Recruiting: Two Pine Bluff Zebras go virtually unnoticed, so far
Pine Bluff coach Bobby Bolding doesn't understanding recruiting. The 20-year coaching veteran gave up on the process after last season when State Farm Awards 7A/6A Offensive Player of the Year Claude Johnson received few scholarship offers despite tallying more than 5,000 total yards and leading the Zebras to the Class 6A state title game.
A season later, Bolding just shakes his head because recruiters aren't coming to Jefferson County to see the latest Zebra sensation. Senior Jawahn Hunt (5-10, 170) has rushed for 1,438 yards and 17 touchdowns in 2010 after missing most of last season with a broken collarbone. Yet, Hunt has no scholarship offers and little recruiting interest.
Pine Bluff RB Jawahn Hunt (5-10, 170) has
rushed for 1,438 yards and 17 TDs this fall but
received little interest from recruiters.
Photo by Ralph Fitzgerald/PB Commercial
"Nobody's looking at him, yet," the coach says. "I guess it's his size. He's not a wiggler. He see's daylight and runs to it. And he's not afraid to give someone a lick and keep on running."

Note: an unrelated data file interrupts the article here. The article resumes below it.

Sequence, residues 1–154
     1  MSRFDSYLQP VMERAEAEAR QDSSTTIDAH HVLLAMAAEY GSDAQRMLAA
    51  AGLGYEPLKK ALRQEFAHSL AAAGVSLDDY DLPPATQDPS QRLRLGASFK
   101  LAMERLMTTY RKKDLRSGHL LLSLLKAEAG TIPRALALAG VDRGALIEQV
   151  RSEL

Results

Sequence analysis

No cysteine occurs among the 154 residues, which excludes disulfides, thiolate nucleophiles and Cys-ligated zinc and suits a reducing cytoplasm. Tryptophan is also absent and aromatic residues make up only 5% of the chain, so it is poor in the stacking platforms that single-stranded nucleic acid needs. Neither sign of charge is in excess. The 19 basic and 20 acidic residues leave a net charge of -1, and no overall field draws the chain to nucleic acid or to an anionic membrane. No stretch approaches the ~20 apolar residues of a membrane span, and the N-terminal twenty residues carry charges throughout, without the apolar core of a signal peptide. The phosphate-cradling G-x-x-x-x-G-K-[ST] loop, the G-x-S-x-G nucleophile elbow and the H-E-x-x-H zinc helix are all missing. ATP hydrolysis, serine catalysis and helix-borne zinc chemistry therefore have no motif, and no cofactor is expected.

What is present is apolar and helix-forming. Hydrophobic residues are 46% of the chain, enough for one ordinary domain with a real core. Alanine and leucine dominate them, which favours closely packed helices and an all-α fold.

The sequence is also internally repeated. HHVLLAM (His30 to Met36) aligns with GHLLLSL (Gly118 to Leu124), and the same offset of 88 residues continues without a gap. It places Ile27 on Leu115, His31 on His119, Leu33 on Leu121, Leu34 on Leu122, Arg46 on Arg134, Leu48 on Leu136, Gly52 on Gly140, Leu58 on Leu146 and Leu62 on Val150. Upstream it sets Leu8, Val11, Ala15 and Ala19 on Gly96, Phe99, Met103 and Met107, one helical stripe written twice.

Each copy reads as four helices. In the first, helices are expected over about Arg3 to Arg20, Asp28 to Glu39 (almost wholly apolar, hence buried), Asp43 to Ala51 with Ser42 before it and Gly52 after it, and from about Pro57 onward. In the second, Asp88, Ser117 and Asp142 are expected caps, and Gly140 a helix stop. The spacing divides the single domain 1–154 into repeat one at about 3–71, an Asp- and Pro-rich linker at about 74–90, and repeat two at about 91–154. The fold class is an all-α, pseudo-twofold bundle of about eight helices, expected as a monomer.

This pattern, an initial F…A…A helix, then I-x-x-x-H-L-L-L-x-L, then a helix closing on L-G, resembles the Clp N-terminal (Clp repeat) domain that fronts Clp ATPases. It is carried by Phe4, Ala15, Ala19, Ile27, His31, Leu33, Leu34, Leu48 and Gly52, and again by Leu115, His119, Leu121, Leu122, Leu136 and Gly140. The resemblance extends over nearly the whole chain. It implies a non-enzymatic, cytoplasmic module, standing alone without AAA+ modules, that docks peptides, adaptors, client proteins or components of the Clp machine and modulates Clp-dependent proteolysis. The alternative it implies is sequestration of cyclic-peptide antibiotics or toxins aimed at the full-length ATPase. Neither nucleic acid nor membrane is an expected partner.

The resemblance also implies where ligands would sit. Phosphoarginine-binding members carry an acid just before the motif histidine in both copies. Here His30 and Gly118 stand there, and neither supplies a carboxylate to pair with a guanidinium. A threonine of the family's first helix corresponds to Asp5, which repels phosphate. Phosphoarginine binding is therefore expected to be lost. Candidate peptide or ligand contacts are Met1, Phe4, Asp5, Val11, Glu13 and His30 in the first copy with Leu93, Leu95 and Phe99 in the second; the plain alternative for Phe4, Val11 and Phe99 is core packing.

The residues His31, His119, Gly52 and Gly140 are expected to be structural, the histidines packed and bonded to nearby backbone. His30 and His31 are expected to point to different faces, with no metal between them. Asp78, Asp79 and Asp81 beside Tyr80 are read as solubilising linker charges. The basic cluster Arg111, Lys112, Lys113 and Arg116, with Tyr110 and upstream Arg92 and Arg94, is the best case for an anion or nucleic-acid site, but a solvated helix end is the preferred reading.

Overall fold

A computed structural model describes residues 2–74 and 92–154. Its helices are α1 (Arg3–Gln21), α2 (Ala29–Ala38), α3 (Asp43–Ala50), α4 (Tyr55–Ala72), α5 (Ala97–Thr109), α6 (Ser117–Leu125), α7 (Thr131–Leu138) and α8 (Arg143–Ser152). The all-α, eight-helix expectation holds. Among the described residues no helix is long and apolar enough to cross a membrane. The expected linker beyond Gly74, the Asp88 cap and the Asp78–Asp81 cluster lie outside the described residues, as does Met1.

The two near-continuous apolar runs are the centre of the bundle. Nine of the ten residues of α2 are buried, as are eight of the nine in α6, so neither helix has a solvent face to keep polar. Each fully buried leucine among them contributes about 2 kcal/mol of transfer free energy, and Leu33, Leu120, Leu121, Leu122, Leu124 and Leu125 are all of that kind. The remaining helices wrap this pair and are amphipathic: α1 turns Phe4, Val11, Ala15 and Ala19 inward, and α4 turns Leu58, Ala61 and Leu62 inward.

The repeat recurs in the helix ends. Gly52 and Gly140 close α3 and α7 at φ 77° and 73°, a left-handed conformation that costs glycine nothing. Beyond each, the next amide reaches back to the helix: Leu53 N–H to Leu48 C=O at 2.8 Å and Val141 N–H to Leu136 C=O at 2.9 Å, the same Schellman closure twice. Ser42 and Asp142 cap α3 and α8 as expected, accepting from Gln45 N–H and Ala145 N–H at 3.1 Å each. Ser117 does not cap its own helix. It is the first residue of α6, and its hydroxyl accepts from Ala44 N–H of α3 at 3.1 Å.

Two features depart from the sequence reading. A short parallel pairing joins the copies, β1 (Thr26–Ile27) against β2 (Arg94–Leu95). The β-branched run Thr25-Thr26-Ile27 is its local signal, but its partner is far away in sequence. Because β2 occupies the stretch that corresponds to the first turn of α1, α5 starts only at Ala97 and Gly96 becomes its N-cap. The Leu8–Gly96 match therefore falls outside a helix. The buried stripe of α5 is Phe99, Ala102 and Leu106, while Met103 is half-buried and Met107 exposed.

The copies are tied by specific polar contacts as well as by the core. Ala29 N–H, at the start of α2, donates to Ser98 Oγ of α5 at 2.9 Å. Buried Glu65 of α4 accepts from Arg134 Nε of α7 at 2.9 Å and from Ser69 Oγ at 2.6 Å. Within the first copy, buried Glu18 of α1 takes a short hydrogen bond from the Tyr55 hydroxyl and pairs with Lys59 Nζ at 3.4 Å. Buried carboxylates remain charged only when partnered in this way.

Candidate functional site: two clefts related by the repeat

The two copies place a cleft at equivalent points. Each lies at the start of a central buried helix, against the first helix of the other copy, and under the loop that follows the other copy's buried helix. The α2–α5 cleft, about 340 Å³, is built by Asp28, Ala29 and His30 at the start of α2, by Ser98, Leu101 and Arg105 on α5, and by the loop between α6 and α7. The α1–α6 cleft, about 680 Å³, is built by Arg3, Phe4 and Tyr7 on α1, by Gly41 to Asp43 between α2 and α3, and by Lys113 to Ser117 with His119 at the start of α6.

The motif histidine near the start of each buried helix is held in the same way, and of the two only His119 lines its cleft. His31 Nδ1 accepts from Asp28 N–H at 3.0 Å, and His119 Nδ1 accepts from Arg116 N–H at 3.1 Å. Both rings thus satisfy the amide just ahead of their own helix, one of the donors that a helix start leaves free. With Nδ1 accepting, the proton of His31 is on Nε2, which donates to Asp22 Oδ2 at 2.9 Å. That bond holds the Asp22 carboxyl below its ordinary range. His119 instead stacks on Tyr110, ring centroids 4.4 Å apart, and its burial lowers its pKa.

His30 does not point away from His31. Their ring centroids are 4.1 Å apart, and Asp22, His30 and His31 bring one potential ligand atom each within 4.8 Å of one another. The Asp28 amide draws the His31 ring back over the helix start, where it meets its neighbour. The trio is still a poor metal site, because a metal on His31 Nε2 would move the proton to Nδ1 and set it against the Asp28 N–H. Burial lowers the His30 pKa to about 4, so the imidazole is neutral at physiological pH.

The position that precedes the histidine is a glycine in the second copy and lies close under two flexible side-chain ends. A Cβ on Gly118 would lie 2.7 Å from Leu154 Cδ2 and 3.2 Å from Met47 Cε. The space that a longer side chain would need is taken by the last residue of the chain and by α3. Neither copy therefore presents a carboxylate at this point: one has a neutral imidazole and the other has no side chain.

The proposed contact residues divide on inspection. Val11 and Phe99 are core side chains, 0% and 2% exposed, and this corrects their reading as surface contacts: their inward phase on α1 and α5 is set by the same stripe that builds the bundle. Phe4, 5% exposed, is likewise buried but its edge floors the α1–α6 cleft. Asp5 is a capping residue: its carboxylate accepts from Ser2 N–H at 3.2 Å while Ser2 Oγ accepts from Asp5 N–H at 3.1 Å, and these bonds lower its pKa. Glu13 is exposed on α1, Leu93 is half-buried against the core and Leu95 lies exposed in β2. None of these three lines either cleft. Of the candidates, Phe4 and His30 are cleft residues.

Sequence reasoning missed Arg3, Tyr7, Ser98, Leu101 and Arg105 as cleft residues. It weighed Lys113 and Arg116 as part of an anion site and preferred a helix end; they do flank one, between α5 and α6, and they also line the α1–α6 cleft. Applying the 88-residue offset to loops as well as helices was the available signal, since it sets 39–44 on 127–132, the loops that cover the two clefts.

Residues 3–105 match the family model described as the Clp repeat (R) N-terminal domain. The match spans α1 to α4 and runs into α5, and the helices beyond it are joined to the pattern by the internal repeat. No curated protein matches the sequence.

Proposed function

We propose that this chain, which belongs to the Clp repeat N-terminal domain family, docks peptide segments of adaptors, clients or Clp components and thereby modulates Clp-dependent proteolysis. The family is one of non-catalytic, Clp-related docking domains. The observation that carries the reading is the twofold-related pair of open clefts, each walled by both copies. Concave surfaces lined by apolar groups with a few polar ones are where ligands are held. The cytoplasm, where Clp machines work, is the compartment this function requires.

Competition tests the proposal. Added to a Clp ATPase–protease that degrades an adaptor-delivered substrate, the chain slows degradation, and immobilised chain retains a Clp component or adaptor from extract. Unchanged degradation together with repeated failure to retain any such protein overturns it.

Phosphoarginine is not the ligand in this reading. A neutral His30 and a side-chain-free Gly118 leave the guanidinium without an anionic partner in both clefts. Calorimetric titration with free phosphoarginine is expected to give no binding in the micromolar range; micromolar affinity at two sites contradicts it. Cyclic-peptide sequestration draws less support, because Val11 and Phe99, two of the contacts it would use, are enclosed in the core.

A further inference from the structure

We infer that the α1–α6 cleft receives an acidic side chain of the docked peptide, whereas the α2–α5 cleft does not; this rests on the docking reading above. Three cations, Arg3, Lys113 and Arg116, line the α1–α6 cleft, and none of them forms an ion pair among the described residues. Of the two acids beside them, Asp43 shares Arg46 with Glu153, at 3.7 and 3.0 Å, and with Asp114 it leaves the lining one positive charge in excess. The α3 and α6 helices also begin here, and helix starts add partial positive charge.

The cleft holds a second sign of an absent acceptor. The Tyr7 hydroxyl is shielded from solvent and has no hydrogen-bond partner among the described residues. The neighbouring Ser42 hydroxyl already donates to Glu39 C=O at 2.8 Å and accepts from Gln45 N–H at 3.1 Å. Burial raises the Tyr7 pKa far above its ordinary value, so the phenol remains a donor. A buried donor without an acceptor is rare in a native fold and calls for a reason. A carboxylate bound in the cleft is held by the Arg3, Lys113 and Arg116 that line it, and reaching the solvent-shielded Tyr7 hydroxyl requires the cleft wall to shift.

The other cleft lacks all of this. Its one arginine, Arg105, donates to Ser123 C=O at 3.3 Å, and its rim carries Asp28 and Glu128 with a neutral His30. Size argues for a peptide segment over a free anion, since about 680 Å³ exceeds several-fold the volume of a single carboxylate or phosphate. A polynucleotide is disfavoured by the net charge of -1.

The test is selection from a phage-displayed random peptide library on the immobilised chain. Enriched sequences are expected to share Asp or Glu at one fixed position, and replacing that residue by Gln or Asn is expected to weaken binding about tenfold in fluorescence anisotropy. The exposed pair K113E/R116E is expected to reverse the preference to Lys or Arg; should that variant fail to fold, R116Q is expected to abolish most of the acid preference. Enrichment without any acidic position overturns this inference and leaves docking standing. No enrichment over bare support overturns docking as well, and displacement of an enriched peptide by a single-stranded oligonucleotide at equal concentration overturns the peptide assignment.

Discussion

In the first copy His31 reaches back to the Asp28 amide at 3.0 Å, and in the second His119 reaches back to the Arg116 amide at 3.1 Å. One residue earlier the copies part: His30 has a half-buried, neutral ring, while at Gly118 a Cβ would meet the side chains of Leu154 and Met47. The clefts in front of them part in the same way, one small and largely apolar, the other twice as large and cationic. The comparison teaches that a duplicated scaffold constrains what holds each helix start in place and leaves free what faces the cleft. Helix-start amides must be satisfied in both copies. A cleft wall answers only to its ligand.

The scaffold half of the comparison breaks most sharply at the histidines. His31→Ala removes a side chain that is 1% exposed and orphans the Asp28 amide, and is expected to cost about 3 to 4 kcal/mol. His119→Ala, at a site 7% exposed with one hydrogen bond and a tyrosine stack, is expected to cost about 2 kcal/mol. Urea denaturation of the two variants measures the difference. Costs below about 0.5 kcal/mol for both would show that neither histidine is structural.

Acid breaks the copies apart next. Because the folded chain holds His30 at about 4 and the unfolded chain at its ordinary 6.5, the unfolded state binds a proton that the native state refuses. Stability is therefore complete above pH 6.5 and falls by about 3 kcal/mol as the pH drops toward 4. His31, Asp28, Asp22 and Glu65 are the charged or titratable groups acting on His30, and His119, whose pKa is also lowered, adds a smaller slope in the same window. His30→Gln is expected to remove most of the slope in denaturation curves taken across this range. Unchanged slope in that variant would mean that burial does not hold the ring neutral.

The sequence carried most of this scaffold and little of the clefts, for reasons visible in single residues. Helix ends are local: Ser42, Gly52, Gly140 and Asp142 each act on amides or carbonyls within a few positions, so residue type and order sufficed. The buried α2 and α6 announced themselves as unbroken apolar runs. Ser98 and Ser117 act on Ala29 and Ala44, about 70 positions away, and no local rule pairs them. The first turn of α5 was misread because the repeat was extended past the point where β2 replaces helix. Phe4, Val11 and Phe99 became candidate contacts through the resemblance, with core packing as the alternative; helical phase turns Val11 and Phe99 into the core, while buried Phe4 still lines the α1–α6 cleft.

Hunt quickly made up for missing last season when he exploded for a career-high 376 yards in the opener against Fort Smith Northside. Proving he's not a one-game wonder, Hunt has sparked the Zebras in tight 6A South matchups the past two weeks. He galloped for 345 yards Week 6 in a 32-30 victory at Lake Hamilton and churned out 301 yards a week ago in a 34-18 triumph over Texarkana.
But Bolding cautions that Hunt's big-game performances only occur when the Zebras dominate on the line. "I knew we would be good up front, and that's been the difference this season," the coach says. Offensive/defensive tackle Joseph Treadwell (6-5, 260) paces a line that's helped the undefeated Zebras generate almost 4,000 yards in seven games. Treadwell, an Arkansas Air Guard Scholar Athlete of the Week winner, has a scholarship offer from Ouachita Baptist and attention from Louisiana Tech.
"Treadwell is one of the best linemen I've ever coached," says Bolding, who coached Brett Helms while at Stuttgart. Helms started three years at LSU and plays in the NFL for the Houston Texans. "He's physical and plays with his knees bent, which is unusual for a high school lineman. There's no doubt he's one of the best high school linemen in this state. I think he's a great college prospect, but I obviously don't know what it takes to play in college."